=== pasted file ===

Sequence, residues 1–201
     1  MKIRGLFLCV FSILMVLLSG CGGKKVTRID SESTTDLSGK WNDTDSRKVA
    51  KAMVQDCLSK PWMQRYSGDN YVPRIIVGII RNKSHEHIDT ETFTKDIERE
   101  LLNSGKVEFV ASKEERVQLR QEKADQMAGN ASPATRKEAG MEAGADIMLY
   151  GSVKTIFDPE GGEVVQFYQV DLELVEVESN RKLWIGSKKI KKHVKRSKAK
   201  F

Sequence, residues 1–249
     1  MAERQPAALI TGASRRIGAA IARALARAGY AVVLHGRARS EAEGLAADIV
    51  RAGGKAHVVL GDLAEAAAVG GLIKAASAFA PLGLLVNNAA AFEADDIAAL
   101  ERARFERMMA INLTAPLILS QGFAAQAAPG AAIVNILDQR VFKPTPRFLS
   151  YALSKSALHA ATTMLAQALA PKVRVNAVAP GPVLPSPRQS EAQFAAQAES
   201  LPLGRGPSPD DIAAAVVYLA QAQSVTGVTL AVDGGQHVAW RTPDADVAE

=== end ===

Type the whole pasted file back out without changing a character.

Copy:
Sequence, residues 1–201
     1  MKIRGLFLCV FSILMVLLSG CGGKKVTRID SESTTDLSGK WNDTDSRKVA
    51  KAMVQDCLSK PWMQRYSGDN YVPRIIVGII RNKSHEHIDT ETFTKDIERE
   101  LLNSGKVEFV ASKEERVQLR QEKADQMAGN ASPATRKEAG MEAGADIMLY
   151  GSVKTIFDPE GGEVVQFYQV DLELVEVESN RKLWIGSKKI KKHVKRSKAK
   201  F

Sequence, residues 1–249
     1  MAERQPAALI TGASRRIGAA IARALARAGY AVVLHGRARS EAEGLAADIV
    51  RAGGKAHVVL GDLAEAAAVG GLIKAASAFA PLGLLVNNAA AFEADDIAAL
   101  ERARFERMMA INLTAPLILS QGFAAQAAPG AAIVNILDQR VFKPTPRFLS
   151  YALSKSALHA ATTMLAQALA PKVRVNAVAP GPVLPSPRQS EAQFAAQAES
   201  LPLGRGPSPD DIAAAVVYLA QAQSVTGVTL AVDGGQHVAW RTPDADVAE